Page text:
on my uncle's bedroom. There was when he bought the strange little house. There were swing doors of the sort you see in a Western saloon in an American cowboy movie. My uncle had them taken off so he could see the patio leading to the garden.
Inside the bedroom there is a double bed. His bedclothes are grey, green, silver and black. He liked to think he was in twenties, not his eighties.
There is a bedside table. His personal alarm is still there - something else to be dealt with. There is a reading lamp. It has the brightest possible globe and no lampshade, a sign of his failing eyesight.
There is a chest of drawers. On top there is a hairbrush, although he ceased using a hairbrush some years ago. There are some old prescription glasses he has not used for at least eight years. There is also a picture of one of his children, my deceased cousin. It is a nice picture which captures my cousin's personality. My uncle has never managed to come to terms with my cousin's death. I can only try to imagine what it must be like to lose a child rather than a parent or a partner.
There are two wardrobes. I open the first one reluctantly. I know that some of his clothing has already been taken to the nursing home. This was the best of his clothing, the clothing that was considered by one of his carers to be the most suitable. It must have been difficult to find things. My uncle was an eccentric dresser. He wore clothes more suited to a teenager - but even a teenager would have been embarrassed by some of them. His wardrobe was filled with wild trousers, ferocious t-shirts and fiery sweatshirts. He was an angry man and it revealed itself in his clothing, especially his scant summer shorts and string vests.
I know the nursing home will not allow him to have what they consider to be "dangerous" footwear. He will not be able to wear the scuffs or the plastic garden shoes. My sister, a physiotherapist, has been trying to get him to wear something a little more sensible for years. Now he uses a walker and it is generally considered unsafe for him to move around alone. He has, among his many other health problems, diabetes and heart disease. His extremities, especially his feet, are purple rather than pink.
I dump all the shoes in one of the garbage bags I have brought with me. I can sort them out at home. I do the same with all the clothing there and move on to the next wardrobe where I repeat the procedure. I clear the dressing table. There is another wardrobe in what would once have been a dressing room and I do the same there. My uncle liked to buy clothes.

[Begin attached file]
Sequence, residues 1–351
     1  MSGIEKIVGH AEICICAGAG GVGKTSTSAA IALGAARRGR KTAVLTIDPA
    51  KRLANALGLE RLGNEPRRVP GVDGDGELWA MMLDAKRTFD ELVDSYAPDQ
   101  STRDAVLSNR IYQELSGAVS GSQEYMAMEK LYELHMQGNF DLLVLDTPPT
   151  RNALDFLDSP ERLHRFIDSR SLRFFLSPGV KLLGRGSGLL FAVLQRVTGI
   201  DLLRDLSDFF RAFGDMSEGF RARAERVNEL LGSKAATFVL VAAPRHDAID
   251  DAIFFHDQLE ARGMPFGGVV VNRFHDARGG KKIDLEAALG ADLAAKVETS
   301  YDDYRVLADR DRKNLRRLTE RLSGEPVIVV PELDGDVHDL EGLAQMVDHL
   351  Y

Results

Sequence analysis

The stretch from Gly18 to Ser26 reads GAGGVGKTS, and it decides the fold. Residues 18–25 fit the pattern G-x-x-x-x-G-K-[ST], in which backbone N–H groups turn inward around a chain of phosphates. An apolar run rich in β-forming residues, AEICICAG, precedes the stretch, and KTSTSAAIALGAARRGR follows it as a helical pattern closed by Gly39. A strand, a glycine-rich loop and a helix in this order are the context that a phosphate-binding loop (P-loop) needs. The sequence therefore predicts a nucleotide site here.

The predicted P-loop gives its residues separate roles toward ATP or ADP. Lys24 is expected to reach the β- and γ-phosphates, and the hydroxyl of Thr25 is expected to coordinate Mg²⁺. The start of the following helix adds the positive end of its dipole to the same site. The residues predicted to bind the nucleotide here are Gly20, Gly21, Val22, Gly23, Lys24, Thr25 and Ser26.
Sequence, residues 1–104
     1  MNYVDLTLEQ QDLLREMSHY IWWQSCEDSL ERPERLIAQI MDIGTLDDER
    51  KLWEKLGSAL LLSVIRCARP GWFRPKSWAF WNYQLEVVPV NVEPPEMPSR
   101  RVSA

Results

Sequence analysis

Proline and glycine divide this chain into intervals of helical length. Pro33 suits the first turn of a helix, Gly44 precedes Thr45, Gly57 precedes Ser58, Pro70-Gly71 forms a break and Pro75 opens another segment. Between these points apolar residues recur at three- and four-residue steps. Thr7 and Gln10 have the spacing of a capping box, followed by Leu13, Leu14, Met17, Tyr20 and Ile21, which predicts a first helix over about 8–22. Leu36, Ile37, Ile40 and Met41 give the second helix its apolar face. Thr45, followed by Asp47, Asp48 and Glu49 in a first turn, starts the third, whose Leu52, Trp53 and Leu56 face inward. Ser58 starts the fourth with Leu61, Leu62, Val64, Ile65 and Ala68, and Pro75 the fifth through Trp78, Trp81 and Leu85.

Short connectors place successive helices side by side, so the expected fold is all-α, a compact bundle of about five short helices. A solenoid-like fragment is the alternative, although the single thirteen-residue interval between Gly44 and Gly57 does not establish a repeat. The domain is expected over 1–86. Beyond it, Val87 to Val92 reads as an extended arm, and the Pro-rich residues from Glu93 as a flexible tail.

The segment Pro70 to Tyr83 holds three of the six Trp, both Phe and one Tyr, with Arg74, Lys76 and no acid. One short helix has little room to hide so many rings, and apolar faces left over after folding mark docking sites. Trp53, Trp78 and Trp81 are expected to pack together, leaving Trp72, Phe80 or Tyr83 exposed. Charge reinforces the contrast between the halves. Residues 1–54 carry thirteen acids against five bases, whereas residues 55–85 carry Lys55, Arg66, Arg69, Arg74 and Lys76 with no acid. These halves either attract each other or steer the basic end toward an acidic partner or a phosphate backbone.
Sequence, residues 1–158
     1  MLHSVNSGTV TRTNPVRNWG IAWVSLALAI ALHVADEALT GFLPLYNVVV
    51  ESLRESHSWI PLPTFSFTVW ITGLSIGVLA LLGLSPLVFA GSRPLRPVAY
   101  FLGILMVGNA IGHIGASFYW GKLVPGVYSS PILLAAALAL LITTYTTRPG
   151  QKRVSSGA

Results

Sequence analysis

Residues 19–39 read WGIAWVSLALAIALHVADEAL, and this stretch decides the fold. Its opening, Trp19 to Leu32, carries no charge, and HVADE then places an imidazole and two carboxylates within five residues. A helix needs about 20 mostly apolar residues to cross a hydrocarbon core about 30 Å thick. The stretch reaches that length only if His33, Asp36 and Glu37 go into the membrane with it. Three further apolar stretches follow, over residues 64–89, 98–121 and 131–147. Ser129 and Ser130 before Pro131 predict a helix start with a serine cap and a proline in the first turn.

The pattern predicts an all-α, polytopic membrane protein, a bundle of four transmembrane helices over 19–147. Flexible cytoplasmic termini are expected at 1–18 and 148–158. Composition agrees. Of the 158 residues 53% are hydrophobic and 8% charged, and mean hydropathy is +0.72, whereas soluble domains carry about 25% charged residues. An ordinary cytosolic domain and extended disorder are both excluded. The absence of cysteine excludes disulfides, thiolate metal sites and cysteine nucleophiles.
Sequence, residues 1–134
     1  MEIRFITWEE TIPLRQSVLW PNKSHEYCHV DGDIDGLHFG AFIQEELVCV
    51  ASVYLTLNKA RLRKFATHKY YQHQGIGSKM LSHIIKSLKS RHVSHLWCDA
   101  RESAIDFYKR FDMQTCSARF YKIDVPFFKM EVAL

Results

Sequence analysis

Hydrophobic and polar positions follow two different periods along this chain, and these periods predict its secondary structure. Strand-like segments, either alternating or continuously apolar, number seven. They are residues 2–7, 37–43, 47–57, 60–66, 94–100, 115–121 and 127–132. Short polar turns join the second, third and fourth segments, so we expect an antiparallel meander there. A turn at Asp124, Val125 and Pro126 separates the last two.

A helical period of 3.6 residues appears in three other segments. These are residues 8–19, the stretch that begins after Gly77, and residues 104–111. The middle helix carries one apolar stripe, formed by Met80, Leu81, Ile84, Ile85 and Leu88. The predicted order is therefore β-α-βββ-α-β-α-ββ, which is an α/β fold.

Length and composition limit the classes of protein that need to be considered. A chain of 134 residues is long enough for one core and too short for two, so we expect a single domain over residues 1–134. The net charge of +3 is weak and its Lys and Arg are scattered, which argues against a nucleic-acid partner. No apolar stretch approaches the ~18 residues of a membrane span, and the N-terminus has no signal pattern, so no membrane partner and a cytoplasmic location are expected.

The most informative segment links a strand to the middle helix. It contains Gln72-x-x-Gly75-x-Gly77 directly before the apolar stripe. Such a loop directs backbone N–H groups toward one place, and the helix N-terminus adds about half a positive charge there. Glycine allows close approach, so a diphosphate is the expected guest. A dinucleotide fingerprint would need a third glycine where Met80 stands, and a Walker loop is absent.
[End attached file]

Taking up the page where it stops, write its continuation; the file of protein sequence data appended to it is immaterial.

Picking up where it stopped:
The friend who has come to help brings the wheelie bin into the bathroom. I empty the entire contents of the cabinet, apart from three sealed packs of pink tissues, into the bin. I do the same in with the "small" bathroom at the other end of the house.
Our friend has dismantled the computer and the sound system. They are being stored elsewhere. He has taken some quite valuable paintings and two valuable rugs from the wall. They are being stored elsewhere too.
The friend who drove us there is checking the gopher, setting it to fully charge the battery and ensuring that it is in good order. He used to work for the company who sold it so he knows about these things.
We move the wheelie bin to the kitchen. I throw out the last few things in the refrigerator - all past the use by date. I move on to the food cupboard and throw out anything past the use by date. The rest is packed to be given to charity. I do the same for the additional food cupboard in the laundry.
There is alcohol in the house. We leave it there. The person who house sits will be welcome to it.
I have given my father the job of clearing one small cupboard of his brother's personal papers. They are old papers. The new papers are in the filing cabinet and the other two men have already wheeled that out and taken it to the house where things are being stored.
"Don't read what's there," I warn my father, "Just pack it in the box."
Of course he cannot do that. It is all too much for him. He had insisted on coming but it has upset him deeply.
We were going to get the man who does the gardening to make up a couple of pots with scented plants for my uncle. Instead I give my father the pots and send him out into the garden with the suggestion that he knows what to do out there better than any of us. He nods and goes off almost cheerfully. Putting plants together is better than pulling papers apart.